Applies to dogs?

I have a cold so I haven’t been able to ride much this last week. I was going to read so I got Ajax (my sister’s German Shepard that is staying with us for a bit) to put him on the treadmill while I sat next to him and read from my Kindle (I love that Kindle). Ajax moves differently that any other dog I’ve seen: his hips don’t swing back and forth when he walks; instead, is pelvis tucks under a bit. I noticed this, of course, because of all the Optimal Balance work we’ve done with Kirsten. I’m convinced this is because my sister takes Cesar Millan’s advice and uses a treadmill for the dog.

Ajax just walks faster whenever I increase the speed on the treadmill — he doesn’t break into a trot; although he does so when outside. I also noticed that he wasn’t walking quite straight. Using the language of the Optimal Balance model: his box was shifted to the right of his ball, and his triangle was shifted over to the left. I realized that by sitting next to him, I drew his attention — and so his balance — over to me.

I started thinking how I might influence his box and triangle. I ended up using a leash to pull his triangle away from the side I was standing on, bringing him up against the edge of the treadmill, and I used the proximity to the edge to straighten out his box. He started walking straight, but was “heavy in my hand”, meaning he was leaning against the pull of the leash. I decided to let him “sit in my hand” (lean on the leash), temporarily supporting his balance. The treadmill speed was set where he should have been trotting, so it must have been awkward to stay at a walk, particularly an unbalanced one.

After about just 5 seconds he became “light in my hand” (stopped leaning into the leash) and broke into a comfortable trot. I let go and he stayed in the trot, carrying himself straight and balanced.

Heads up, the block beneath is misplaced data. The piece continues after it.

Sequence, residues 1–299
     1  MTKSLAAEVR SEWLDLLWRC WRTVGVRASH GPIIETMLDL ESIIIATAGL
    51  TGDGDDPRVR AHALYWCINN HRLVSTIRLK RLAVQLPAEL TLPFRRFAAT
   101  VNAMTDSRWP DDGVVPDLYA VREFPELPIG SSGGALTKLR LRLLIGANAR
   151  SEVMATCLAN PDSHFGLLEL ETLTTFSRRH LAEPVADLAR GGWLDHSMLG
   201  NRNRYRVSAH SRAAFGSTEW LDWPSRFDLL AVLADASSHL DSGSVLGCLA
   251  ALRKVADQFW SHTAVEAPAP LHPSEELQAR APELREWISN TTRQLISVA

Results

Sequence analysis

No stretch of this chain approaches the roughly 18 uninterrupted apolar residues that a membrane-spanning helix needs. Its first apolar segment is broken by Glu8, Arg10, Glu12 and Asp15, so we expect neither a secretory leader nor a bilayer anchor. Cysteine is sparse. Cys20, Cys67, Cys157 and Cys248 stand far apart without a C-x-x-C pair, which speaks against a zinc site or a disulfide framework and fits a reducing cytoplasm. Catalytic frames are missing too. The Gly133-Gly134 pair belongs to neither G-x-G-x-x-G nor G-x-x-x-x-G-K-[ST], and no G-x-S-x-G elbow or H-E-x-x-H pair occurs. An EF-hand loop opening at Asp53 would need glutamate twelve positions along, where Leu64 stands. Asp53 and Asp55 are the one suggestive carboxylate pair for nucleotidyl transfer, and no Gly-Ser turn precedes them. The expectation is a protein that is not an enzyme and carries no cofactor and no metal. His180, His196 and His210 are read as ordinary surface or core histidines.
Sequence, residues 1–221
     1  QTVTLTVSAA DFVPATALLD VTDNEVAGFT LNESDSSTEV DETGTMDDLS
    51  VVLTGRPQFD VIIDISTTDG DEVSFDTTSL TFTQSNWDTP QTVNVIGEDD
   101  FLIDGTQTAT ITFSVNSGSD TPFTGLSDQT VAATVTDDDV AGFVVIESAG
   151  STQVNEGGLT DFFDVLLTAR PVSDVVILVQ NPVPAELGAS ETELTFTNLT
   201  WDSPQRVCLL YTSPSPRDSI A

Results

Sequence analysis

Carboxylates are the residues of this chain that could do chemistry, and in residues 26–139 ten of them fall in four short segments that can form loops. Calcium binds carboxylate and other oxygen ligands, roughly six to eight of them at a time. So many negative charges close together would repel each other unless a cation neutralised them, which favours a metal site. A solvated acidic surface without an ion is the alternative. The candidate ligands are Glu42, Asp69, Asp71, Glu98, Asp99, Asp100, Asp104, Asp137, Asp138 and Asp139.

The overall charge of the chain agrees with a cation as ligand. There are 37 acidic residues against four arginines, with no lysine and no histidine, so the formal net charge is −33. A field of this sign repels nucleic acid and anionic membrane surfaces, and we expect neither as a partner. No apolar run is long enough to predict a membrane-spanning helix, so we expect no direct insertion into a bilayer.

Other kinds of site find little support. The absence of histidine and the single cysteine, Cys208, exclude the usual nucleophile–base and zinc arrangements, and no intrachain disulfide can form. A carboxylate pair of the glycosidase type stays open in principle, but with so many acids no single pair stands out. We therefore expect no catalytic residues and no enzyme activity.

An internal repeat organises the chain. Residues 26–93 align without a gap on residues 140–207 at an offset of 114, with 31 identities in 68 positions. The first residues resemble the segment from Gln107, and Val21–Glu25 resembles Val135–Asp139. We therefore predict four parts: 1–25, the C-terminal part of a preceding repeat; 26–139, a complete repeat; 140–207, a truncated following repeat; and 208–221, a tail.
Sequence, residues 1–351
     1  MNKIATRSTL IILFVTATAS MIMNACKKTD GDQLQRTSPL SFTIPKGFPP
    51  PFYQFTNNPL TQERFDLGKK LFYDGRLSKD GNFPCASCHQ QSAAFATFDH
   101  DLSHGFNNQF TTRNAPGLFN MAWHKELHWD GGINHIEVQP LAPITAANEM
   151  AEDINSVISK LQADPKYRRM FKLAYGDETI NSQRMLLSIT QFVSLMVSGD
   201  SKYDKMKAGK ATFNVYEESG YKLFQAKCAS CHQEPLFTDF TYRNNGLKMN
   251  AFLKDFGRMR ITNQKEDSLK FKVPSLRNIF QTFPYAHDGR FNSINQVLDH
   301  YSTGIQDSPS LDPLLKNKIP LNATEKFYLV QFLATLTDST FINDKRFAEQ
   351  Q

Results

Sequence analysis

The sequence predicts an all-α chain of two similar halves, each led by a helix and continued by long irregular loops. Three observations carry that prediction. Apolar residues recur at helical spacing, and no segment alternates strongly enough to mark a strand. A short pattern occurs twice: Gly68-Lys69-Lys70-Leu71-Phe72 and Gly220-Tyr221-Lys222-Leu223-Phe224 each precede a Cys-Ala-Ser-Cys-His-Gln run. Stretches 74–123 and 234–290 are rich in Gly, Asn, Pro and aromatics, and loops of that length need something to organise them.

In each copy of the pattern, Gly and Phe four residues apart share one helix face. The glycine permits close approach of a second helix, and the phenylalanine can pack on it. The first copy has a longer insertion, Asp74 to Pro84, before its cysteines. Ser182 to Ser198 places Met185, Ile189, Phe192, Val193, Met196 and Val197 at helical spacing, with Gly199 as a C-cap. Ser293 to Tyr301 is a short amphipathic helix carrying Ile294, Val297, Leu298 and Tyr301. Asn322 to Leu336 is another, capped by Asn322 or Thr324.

It got me wondering about the generality of the fundamental principles behind Kirsten’s Optimal Balance. Dogs and horses are both quadrupeds, but their skeleton and musculature must be very different. Certainly their size is vastly different.

Well, something to think on while I spend the day trippin’ on cough medicine.

Brian

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Comments

One Response to “Applies to dogs?”
  1. jmccleary says:

    Very different, yes, but still effective. And we humans have a box, ball and triangle too…
    ~Ginny

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Equine Imbalance

...."Many problems (of the horse) can be caused by unbalanced patterns of tension in the body"........
....."Uneven tension will often result in uneven body use, difficulty carrying a saddle and rider, stiffness generally 'through the back' or the body as a whole, behavioural problems etc..... " Gavin Scofield D.O.
Founder of Equine Postural Training &
Official Osteopath for the British Endurance team

Acknowledgements

Photos Contributed by:
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Christianne Gentile - True by Christianne
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Quote Of The Day

If a dancer was forced to dance by whip and spikes, he would be no more beautiful than a horse trained under similar conditions
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